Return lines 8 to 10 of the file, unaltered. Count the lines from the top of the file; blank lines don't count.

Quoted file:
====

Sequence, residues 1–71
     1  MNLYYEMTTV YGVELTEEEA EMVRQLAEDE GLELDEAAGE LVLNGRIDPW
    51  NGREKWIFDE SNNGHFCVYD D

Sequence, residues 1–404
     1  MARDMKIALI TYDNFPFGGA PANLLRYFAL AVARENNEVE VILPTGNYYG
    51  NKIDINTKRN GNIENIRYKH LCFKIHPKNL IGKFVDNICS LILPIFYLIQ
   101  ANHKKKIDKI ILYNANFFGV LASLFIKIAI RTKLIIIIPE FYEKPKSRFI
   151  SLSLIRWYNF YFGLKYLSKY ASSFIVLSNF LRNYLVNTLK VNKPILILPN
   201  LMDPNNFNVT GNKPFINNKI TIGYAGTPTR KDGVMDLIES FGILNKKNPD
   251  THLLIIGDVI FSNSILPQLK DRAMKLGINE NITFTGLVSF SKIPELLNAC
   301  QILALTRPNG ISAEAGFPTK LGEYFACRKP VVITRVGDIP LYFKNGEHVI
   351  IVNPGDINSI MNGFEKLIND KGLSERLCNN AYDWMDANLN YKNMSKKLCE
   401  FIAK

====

   151  SLSLIRWYNF YFGLKYLSKY ASSFIVLSNF LRNYLVNTLK VNKPILILPN
   201  LMDPNNFNVT GNKPFINNKI TIGYAGTPTR KDGVMDLIES FGILNKKNPD
   251  THLLIIGDVI FSNSILPQLK DRAMKLGINE NITFTGLVSF SKIPELLNAC